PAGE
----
Days that we look back on and consider blessings are usually fun, enjoyable days in which we realized opportunity, promise and change. Those type of days usually are not considered tragic, heartbreaking and life altering. For Jeff Glasbrenner of Golden, Colorado, his most blessed day back in 1980 was all of that. He was eight years old and was involved in a horrific farming accident that left him a below-the-knee amputee. One might think your whole world would come crashing down but, Glasbrenner was more than ready for what life had to offer his energetic spirit to the top of the world.
“When a big surprise comes along, you have two choices: 1. Accept the situation as it is; or 2. Take charge, and shape your own destiny,” said Glasbrenner. “That was one of my most blessed days.”
After the accident, nurses and doctors gave him limitations. They told him he would only be able to do certain things and his chances of a normal childhood from that point on would diminish. They told him again and again he would never be able to swim, run, or play any sports. Glasbrenner tried not to feel defeated but it in fact took him a long time to realize those limitations were just a disbelief and that he could do anything he set his mind to.
Fast forward just over 30 years and Glasbrenner has had more success then most athletes do in a lifetime. His latest feat would be the biggest goal he has ever set for himself, or any other person with a disability. He would be climbing to the highest point on earth, Mt. Everest with an apex of 29,035 feet, more than double the elevation of the United States’ famous Pikes Peak in Colorado.
“Most days, I feel like I am on top of the world….so, I truly want to be on top of the World,” Glasbrenner said on his website before embarking on his two-month journey.
He teamed up with Lincoln Financial, Astep Ahead Prosthetics and Paradox Sports. He and his crew made it to the top of Mt. Everest on May 18, 2016, after only eight days from starting at the base camp. The entire journey was right at two months. He trained six-eight hours a day almost daily in preparation.
“Surrounding yourself with the right people and organizations, you can accomplish any summit in life,” Glasbrenner noted about his support system.
It wasn’t an easy road leading up to to this climb but every aspect of his life and everything he has done has led to his biggest feat to date. He notes that his life truly turned around in college, when he attended the University of Wisconsin-Whitewater. Little did he know this was a powerhouse school for wheelchair basketball. When asked to play basketball he remarked he only had one leg, and then realized future teammate and roommate Troy Sachs meant for him to play wheelchair basketball.
He got involved with the sport and worked impeccably hard. University of Wisconsin at Whitewater Head Coach Fred Went saw his potential and encouraged him to try out for the national team. He worked extremely hard and was determined to reach his goals. In 2000, he made his first appearance at the Sydney Paralympic Games, where the team returned home with a bronze medal.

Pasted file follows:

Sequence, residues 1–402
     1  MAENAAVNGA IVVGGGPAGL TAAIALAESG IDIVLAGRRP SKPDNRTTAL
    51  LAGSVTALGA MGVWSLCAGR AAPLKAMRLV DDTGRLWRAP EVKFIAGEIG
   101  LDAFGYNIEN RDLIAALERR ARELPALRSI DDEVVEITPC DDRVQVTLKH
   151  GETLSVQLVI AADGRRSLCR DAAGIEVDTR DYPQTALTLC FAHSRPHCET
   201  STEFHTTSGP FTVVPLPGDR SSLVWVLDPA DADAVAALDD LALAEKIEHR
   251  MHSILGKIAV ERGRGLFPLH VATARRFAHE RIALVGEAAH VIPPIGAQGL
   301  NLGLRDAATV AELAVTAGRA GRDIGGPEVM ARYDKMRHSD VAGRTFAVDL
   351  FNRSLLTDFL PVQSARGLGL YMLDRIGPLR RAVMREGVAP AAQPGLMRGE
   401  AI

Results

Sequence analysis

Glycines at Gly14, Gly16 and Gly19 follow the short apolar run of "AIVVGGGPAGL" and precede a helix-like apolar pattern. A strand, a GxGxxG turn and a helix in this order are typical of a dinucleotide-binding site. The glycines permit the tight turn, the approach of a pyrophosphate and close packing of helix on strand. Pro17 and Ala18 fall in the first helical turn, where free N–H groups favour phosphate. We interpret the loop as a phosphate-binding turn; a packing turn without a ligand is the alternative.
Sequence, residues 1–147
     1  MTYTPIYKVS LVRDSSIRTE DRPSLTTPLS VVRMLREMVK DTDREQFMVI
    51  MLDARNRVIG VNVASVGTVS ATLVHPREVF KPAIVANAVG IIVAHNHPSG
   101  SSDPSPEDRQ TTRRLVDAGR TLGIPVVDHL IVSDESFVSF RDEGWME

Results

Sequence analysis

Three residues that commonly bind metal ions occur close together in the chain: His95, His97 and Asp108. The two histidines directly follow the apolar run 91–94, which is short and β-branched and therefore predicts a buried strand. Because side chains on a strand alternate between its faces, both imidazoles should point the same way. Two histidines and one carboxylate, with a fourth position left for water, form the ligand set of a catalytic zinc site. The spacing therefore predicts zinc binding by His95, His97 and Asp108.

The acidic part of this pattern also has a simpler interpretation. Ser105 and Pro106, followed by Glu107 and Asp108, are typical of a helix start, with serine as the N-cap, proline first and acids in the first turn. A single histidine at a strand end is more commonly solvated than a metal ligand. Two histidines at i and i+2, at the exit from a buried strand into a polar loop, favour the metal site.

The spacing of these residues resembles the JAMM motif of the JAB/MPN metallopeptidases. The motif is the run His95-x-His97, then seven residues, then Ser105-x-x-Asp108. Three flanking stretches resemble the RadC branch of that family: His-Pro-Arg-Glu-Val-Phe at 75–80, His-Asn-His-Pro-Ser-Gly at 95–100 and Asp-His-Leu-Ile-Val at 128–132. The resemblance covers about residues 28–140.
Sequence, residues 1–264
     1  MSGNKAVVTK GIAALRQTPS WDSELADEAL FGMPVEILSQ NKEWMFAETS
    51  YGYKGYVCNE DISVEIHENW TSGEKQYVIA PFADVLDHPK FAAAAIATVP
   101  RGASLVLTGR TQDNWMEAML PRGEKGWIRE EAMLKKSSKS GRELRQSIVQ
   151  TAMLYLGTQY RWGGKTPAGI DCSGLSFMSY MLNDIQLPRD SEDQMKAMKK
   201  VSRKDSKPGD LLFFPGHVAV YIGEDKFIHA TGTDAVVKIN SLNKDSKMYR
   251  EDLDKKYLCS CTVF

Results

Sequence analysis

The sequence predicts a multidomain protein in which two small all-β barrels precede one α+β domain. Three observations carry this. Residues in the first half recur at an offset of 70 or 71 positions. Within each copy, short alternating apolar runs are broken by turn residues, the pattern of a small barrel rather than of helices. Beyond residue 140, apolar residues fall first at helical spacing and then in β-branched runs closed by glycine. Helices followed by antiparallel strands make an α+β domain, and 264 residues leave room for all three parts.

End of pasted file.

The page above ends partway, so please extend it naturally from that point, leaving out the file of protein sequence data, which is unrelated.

This only fed his hunger for more. In 2002 he won gold in the IWBF Gold Cup in Japan and made his second Paralympic Games appearance in Athens in 2004. Also in 2004 he made his name known by capturing the National Intercollegiate Wheelchair Basketball Championship scoring record – scoring 63 points and snagging 27 rebounds in one game.
He moved to Spain and began his international career. He played professionally for CD Ilunion in Madrid and then for Santa Lucia in Rome. In 2006 he propelled Team USA to the silver medal at the IWBF World Championships in Amsterdam. In 2008 the men’s wheelchair basketball team won gold at the North America Cup and finished seventh at the Beijing Paralympic Games.
When one sport ends you pick up another correct? He took up triathlons, rock climbing and mountain climbing. He became passionate about climbing, ultimately leading to his Everest quest. He climbed Aconcagua in the Andes along with Cayambe in Ecuador, and the Grand Tetons in Wyoming.
He made a goal to climb the “Seven Summits.” He currently has two knotched, with five to traverse. He also continues his love for triathlons and to date has competed in 25 Ironman competitions.
In 2010 he chose to celebrate the 30-year anniversary of losing his leg by competing in eight triathlons in eight months. He also became the first physically challenged athlete to finish the Norseman Xtreme Triathlon, the most difficult of all triathlons in the world. He has run the Boston Marathon twice and has over 12 additional marathons to his credit.
Glasbrenner is a public motivational speaker and wrote a book in 2012, titled The Gift of a Day. The book accounts 12 specific days which he chose to view as gifts rather then defeats. He effortlessly displays how to turn dark days into personal revolutions and how they can deepen one’s character. He encourages his audiences and readers to surround themselves with good people who build you up and encourage your dreams.
“If your dreams don’t at least scare you a little, then they are not big enough,” one of Glassbrenner’s most treasured piece of advice for his followers.
Now that his Everest journey has come to a close, he is now back home in Golden, Colorado where he resides with his wife, Elizabeth, and two children. He ultimately enjoys staying at home with the kids when he is not training or out on a trip. He is looking forward to racing more, finishing his climbing goals and topping those five remaining summits, and who knows maybe even pick up a new sport. In the meantime, he embraces each day as it comes, knowing today tomorrow and the next are all gifts.